detergent

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detergent

 [de-ter´jent]
1. purifying or cleansing.
2. an agent that purifies or cleanses.
3. in biochemistry, any of a class of agents structurally consisting of a nonpolar hydrocarbon chain and a hydrophilic polar head group, which reduce the surface tension of water, emulsify, and aid in solubilization of soil.

de·ter·gent

(dē-tĕr'jent),
1. Cleansing.
2. A cleansing or purging agent, usually salts of long-chain aliphatic bases or acids (for example, quaternary ammonium or sulfonic acid compounds) that, through a surface action that depends on their possessing both hydrophilic and hydrophobic properties, exert cleansing (oil-dissolving) and antibacterial effects; acridine derivatives (for example, acriflavine, proflavine) as well as other dyes (for example, brilliant green, crystal violet) have detergent properties for the same reasons.
Synonym(s): detersive
[L. de-tergeo, pp. -tersus, to wipe off]

de·ter·gent

(dĕ-tĕr'jĕnt)
A cleansing or purging agent, usually salts of long-chain aliphatic bases or acids that, through a surface action that depends on their possessing both hydrophilic and hydrophobic properties, exert cleansing (i.e., oil-dissolving) and antibacterial effects.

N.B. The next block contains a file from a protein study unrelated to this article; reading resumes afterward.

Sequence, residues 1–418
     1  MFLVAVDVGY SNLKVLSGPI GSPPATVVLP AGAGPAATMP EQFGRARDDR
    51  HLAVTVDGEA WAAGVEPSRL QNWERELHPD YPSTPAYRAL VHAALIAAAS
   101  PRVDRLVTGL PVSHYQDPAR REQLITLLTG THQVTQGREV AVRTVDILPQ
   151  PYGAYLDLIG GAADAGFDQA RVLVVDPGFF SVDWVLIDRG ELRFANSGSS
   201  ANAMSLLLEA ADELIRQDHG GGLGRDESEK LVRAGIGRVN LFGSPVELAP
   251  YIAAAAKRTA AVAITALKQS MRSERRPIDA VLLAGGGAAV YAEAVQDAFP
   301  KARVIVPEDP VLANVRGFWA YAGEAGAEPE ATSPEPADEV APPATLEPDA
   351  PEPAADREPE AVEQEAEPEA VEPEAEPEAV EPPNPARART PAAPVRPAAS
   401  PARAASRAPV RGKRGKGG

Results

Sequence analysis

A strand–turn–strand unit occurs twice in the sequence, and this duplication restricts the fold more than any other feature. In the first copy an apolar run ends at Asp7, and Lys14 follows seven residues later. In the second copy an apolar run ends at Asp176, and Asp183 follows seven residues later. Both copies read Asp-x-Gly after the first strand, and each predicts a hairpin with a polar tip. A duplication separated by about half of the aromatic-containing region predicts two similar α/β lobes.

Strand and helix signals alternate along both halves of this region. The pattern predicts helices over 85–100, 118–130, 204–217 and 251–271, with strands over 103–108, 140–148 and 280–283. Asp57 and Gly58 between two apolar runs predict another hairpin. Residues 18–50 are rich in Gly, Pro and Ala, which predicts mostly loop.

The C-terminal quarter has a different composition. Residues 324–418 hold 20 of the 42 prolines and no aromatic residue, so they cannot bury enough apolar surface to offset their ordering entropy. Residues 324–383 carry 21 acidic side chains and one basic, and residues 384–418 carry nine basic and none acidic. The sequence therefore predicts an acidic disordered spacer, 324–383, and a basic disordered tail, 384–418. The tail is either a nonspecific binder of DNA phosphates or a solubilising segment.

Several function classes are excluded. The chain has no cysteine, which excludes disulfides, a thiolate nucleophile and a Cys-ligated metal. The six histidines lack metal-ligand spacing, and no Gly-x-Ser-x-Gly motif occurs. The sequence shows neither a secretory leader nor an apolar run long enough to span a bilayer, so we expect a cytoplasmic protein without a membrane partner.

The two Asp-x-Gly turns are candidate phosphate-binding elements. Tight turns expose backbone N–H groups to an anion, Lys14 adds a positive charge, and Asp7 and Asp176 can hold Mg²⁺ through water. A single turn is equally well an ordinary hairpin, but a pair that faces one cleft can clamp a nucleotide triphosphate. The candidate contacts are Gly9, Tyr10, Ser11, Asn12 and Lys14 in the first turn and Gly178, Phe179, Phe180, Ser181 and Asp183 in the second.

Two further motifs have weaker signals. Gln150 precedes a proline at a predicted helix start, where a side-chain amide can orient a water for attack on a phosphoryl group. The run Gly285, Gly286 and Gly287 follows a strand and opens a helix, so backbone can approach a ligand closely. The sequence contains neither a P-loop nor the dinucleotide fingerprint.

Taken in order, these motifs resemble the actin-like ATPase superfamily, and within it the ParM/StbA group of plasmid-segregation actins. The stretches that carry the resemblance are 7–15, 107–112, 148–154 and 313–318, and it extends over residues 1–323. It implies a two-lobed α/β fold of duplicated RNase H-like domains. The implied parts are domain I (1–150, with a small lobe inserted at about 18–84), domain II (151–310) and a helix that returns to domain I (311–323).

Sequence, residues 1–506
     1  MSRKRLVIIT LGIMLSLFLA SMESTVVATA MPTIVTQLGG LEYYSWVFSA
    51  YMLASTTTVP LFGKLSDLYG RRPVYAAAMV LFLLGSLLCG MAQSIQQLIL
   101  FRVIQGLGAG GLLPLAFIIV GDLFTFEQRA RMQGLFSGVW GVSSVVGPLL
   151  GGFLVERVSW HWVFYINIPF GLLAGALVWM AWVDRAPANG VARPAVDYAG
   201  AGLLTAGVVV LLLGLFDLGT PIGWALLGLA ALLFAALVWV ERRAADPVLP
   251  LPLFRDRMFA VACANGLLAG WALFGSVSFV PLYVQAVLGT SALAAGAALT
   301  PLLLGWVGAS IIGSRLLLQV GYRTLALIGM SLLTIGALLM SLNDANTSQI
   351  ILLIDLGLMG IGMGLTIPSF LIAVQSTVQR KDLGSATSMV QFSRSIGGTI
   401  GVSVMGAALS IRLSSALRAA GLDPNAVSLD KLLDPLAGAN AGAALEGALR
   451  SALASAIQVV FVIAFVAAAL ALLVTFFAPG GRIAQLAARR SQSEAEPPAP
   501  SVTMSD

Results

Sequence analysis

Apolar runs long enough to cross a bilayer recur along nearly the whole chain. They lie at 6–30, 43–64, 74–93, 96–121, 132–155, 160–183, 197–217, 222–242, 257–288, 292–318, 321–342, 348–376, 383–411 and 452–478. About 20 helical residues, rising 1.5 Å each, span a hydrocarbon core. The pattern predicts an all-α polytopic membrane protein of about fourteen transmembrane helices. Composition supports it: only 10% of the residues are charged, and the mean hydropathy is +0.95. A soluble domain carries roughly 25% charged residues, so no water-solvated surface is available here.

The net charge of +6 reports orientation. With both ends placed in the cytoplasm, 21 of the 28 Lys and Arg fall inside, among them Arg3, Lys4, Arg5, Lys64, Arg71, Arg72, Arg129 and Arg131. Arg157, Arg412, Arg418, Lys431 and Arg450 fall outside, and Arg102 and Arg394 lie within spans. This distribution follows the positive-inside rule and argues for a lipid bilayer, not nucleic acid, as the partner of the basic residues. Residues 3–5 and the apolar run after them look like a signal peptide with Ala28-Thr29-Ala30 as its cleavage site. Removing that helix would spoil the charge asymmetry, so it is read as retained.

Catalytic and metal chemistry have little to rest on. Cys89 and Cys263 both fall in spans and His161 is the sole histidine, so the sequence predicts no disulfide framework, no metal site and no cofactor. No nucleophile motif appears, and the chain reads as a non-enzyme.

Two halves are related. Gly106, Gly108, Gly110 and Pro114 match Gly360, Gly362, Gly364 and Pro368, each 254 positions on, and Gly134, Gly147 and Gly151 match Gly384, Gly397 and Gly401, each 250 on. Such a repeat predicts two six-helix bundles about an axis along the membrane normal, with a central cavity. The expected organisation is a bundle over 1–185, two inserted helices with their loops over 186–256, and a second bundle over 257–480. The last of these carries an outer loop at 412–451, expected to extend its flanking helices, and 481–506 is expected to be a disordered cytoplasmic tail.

[L. de-tergeo, pp. -tersus, to wipe off]

detergent

a substance that when dissolved in water acts as a cleansing agent for the removal of grease by altering the interfacial tension of water with other liquids or solids. Powerful detergents are used to break up oil spillages at sea.

de·ter·gent

(dĕ-tĕr'jĕnt)
A cleansing or purging agent that provides cleansing (i.e., oil-dissolving) and antibacterial effects.
[L. de-tergeo, pp. -tersus, to wipe off]
References in periodicals archive ?
The first component comprises an anionic detersive surfactant; carbonate, zeolite builder, phosphate builder and cellulosic polymer.
The active ingredients are comprised of approximately, by weight, 20% surfactant: 20% sequestrant and approximately 130% active enzyme composition comprising a detersive enzyme and an activity maintenance component.
Conventional conditioning shampoos work by a mechanism in which cationic polymers interact with the anionic detersive surfactants to phase separate as a coacervate during the rinse stage.